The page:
When we moved to the house in 1971 it had a shed kitchen addition on the back and a hipped roof porch on the front. This hipped roof porch lacked a lot to be desired as far as looks and complimenting the architecture of the house.
In addition to the hipped roof style of this porch it had a plain concrete floor, crumbling concrete steps, wood columns on brick pedestals and asphalt shingles. You can see this porch in the old photos below at which time it was still in use. This porch may have been mismatched to the house but it was appreciated and held a lot of great memories for me. We used it for many years as it stood. I remember keeping our bikes and outdoor toys stored on this porch. It was a dry place to hang out and wait out the storms.
The tree to the right of the house in the above right photo is the very maple tree that I posted about in the previous blog entry. It fell in the storms that passed through the valley recently. The link below will take you to this blog post.
It was rumored that a large millstone under the concrete floor of the porch. Those that spoke of it remembered an old millstone used as a front stoop. The gentleman that built the porch could not remember if it was left in place or not.
A good many years ago we did finally remove this porch but have yet to uncover a millstone where it stood. I am not yet sure what I am going to put in its place at the front door here, although I do have some ideas. Below are some photos after the porch was removed and is much how it looks today.
There was not much worth salvaging from this porch. The brick in the columns were nothing special, not real attractive really. These columns and the concrete were broken up and used to fill some sink holes on the farm. My father did however save the old bead board ceiling from this porch. It has been sitting in his barn ever since and was getting somewhat in his way. I decided to put it back to use on the house that it came from and I had the very wall that needed some covering. The kitchen side of the wall that divided the kitchen from the library.
I gathered it all up and treated it all as if it contained lead in the paint. Although I was sure it more than likely contained lead I did perform a lead test on it from a kit I purchased on Amazon. I guess there is always that slight chance it would be lead free and I was hoping for that as I awaited the results. Kind of like a teenager with a grand plan for the future waiting on a pregnancy test and hoping that it is not positive…
It came back positive.
I power washed it all which removed a lot of the old paint and years of grime. I damp sanded it all outside and got it down to the paint that still held strong. It came out real nice and had the look I was hoping for. I used a respiratory mask and had a shop vac set up on my saw as I cut the bead board up for the installation on the wall.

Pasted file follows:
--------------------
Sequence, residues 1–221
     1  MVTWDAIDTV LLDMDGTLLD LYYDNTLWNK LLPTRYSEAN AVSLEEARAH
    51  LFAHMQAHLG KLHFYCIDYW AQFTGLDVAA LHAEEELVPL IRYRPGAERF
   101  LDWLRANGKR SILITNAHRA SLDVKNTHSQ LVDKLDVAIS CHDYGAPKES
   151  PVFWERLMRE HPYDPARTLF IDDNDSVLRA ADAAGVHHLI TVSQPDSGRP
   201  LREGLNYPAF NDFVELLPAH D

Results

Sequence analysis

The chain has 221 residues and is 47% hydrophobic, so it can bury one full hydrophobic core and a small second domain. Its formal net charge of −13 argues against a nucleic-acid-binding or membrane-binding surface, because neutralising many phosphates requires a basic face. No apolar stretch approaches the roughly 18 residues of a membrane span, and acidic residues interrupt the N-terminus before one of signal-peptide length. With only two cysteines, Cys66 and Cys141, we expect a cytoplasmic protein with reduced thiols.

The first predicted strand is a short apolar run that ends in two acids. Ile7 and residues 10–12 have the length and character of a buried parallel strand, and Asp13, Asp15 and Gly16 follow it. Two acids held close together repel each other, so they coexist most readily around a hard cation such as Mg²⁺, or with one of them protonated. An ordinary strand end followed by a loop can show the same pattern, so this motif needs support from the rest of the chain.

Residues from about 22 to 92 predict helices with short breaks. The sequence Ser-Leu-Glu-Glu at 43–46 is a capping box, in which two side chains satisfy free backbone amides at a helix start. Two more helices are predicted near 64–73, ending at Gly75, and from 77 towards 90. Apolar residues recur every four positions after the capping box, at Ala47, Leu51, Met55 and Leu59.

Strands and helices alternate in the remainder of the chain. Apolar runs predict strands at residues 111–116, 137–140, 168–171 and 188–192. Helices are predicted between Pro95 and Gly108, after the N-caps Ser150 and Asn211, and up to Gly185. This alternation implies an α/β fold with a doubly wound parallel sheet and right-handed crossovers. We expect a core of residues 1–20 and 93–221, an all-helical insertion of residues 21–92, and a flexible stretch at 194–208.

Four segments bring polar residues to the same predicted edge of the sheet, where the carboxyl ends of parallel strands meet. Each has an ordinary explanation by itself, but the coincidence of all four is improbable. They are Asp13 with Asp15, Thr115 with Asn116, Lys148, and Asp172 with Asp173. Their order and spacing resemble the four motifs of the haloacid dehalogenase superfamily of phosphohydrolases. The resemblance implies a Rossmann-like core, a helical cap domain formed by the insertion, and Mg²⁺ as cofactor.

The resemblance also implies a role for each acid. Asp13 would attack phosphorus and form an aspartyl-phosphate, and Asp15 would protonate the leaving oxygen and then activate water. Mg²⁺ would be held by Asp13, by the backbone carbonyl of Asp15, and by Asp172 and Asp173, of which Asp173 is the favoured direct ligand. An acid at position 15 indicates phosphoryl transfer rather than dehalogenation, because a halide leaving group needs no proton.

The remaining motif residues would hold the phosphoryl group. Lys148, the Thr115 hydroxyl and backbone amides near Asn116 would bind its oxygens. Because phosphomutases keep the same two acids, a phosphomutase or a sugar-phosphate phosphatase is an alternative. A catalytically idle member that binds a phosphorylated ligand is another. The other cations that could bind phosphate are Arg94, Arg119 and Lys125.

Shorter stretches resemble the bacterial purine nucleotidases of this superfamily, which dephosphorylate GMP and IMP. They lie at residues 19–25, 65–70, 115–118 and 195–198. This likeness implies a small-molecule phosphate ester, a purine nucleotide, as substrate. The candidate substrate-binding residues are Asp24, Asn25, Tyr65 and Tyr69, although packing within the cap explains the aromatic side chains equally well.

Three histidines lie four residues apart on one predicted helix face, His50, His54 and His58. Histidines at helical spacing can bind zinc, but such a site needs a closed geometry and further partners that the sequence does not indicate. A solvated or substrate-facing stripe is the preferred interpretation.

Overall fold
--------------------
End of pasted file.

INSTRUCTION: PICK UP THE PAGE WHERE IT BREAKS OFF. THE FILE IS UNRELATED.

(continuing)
The photos below show the old bead board on the upper wall from the kitchen side. I left the original window in place that you see as the largest opening next to the stone wall. It is roughly the same size as the original upper windows in the stone house that you can also see below.
This wall is framed with 2×6’s that are 24″ on center. I opened up every other one in this wall between the library and the kitchen both to let light in to the library and to look down into the kitchen from the library. This created three two foot wide openings in the wall.
The opening furthest from the stone wall opens onto a “reading loft” that you can see under the stained glass window in the photos above. This reading loft came at the request of my daughter and is the size of a twin bed. The plan is to put a twin sized futon mattress in this loft so one could crawl in and veg out with a good book. The two openings in the center will have sliding windows that can be shut to reduce noise coming up to the library. These windows were found stored in the basement of the house we have in town. Neat old windows and the perfect size.
The photos below are of the same wall taken from the library side.
I plan to go in to more detail about the reading loft in future posts to this blog. I also hope to go back to earlier construction that was going on when I was a young boy and not long after we moved in. Thankfully my parents took a ton of pictures of all this work. I did scan a couple of the house when it still had the old shed kitchen (see below). You can see the newer 1970’s addition behind the shed kitchen in the photo below right. This is also where the new kitchen expansion is now. The photo below left was taken before the 1970’s addition was built.
The black wall above the shed kitchen in the above photo on the right is now the interior wall between the library and new kitchen expansion. Both the windows you see above the shed kitchen roof, one on the 1970’s addition and one on the stone part, are now the interior openings that look down into the new kitchen.
Seeing these old pictures remind me of a story that involves the window in the old shed kitchen, a very large Doberman Pinscher and the UPS delivery guy. Sounds like a future blog entry to me…